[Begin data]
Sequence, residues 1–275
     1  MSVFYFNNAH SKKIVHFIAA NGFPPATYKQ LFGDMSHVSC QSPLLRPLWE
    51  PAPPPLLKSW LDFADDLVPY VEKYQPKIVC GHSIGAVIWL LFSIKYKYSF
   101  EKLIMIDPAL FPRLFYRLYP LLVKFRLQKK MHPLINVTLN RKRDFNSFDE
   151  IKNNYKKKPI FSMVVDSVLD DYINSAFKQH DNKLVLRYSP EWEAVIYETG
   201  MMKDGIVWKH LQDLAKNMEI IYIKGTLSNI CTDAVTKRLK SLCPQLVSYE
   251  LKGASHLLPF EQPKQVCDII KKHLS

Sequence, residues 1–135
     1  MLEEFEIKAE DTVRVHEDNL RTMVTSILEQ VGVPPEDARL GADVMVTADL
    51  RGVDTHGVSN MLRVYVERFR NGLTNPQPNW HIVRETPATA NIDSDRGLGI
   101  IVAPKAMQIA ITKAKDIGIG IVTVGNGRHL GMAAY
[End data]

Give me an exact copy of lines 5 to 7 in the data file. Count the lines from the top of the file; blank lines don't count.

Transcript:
   151  IKNNYKKKPI FSMVVDSVLD DYINSAFKQH DNKLVLRYSP EWEAVIYETG
   201  MMKDGIVWKH LQDLAKNMEI IYIKGTLSNI CTDAVTKRLK SLCPQLVSYE
   251  LKGASHLLPF EQPKQVCDII KKHLS